Twelve days later, the FBI arrested appellant at a New York hotel. After the agents identified themselves, appellant came to the door of his hotel room, shielding himself with a woman. The agents arrested appellant and gave him his Miranda warnings. Thereafter, the agents discovered in the room both the gun that was taken from the bank guard and a gun that had fired a bullet in the bank.
At trial, the case against appellant was overwhelming. The guns were, of course, strong evidence of guilt. In addition, a bank customer (Norma Sharpe) had identified appellant from photographs after the robbery, and she so testified. The driver of the limousine service testified that he drove appellant to and from the vicinity of the bank on January 3. Also, the jury was told of appellant's admission, when arrested, that he was guilty. In short, the jury's verdict was amply justified.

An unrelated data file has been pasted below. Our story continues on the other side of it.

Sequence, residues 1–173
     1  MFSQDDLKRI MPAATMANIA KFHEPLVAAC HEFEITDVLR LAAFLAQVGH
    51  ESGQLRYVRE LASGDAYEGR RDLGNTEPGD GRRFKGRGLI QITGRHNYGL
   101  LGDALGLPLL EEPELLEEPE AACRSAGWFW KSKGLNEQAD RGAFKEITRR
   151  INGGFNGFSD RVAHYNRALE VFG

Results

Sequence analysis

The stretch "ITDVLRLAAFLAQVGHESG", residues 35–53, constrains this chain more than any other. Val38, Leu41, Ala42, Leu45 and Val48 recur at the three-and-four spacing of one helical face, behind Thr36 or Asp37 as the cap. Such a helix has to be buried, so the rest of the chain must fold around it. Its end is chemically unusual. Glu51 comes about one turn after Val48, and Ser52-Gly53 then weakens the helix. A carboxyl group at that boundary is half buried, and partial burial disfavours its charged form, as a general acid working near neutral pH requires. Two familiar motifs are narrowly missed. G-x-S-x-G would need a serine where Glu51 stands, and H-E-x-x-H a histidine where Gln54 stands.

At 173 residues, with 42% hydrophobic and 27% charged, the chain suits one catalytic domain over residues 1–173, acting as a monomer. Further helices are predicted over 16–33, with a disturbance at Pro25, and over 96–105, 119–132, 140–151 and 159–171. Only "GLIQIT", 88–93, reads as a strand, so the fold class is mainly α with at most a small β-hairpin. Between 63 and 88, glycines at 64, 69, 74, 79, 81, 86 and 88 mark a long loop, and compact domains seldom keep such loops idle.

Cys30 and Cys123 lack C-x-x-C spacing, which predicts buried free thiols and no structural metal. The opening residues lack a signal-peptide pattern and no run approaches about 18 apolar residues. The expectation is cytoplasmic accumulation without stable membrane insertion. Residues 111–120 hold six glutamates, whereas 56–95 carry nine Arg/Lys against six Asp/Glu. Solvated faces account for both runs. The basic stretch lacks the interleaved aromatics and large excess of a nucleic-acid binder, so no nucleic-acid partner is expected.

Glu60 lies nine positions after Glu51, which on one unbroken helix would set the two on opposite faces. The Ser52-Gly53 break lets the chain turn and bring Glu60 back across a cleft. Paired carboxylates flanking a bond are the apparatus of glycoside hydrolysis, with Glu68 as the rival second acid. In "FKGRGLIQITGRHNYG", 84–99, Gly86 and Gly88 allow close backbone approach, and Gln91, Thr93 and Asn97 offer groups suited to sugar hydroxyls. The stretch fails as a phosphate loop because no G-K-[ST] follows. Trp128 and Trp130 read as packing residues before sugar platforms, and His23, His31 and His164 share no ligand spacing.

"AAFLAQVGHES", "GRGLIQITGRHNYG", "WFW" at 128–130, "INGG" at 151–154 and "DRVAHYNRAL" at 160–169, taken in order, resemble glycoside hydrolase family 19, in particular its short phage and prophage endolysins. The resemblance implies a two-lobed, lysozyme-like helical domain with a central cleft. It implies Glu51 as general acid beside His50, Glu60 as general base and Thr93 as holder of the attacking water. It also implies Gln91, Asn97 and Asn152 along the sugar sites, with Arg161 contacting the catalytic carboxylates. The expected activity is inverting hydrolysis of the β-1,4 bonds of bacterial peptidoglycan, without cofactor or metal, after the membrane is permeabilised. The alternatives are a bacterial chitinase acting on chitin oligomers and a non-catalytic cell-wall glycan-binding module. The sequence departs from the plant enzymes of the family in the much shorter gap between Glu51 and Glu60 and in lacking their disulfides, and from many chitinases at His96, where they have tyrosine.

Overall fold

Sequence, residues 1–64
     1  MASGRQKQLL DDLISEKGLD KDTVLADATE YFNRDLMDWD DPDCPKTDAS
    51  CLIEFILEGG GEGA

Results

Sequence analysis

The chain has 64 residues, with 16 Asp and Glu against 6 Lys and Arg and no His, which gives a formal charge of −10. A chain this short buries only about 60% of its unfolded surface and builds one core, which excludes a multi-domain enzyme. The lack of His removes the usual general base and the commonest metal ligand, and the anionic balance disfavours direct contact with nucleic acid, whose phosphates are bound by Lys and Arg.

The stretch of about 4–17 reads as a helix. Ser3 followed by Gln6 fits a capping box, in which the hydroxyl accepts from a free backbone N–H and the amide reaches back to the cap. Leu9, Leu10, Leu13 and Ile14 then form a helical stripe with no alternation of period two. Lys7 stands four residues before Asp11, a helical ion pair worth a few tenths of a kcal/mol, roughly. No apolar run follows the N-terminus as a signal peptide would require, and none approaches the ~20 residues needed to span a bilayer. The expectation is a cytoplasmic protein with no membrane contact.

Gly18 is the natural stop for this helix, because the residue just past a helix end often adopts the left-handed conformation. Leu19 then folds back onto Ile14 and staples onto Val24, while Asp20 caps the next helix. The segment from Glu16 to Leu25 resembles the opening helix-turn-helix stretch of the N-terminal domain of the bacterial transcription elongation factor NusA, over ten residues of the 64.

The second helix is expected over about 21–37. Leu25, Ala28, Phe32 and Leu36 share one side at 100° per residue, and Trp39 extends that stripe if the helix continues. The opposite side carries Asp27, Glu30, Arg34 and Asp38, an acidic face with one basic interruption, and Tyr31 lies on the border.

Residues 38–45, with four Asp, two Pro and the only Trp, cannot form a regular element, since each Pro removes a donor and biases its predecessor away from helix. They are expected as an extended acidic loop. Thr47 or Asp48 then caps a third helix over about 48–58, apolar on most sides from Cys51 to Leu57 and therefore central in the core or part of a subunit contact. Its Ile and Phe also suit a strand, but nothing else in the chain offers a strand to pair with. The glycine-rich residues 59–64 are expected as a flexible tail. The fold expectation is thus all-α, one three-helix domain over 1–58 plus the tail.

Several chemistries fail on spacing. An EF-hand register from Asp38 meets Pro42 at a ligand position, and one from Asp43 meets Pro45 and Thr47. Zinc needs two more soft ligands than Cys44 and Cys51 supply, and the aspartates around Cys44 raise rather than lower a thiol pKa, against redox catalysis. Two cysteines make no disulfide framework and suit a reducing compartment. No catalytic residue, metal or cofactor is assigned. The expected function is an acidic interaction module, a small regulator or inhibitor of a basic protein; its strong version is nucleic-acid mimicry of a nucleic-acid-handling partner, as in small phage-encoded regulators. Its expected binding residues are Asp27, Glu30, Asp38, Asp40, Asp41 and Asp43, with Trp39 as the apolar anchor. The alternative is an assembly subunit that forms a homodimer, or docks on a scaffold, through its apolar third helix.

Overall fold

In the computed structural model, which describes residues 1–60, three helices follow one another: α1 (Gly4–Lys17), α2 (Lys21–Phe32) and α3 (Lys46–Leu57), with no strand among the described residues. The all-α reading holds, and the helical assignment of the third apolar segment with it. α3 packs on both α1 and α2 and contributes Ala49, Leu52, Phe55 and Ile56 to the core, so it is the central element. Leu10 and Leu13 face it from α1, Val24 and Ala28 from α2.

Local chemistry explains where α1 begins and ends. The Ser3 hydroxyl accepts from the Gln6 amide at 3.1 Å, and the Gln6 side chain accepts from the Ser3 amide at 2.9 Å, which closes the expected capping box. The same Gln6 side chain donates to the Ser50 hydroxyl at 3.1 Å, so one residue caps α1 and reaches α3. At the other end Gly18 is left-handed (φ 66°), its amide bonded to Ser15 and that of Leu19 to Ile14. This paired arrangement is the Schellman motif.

II. The Bank Robbery Conviction
The photographic identification
In his thorough brief and argument, appellant's counsel maintains that the district judge committed a number of errors of law. The most substantial arguments on appeal stem from Norma Sharpe's pre-trial identification of appellant from a display of photographs.
Appellant offers a number of objections to this evidence. Citing Simmons v. United States,
Appellant next argues that the identification testimony should have been excluded as hearsay, and is not permitted by the new Federal Rules of Evidence. Appellant directs our attention to Rule 801(d), which contains various definitions, and provides in relevant part that: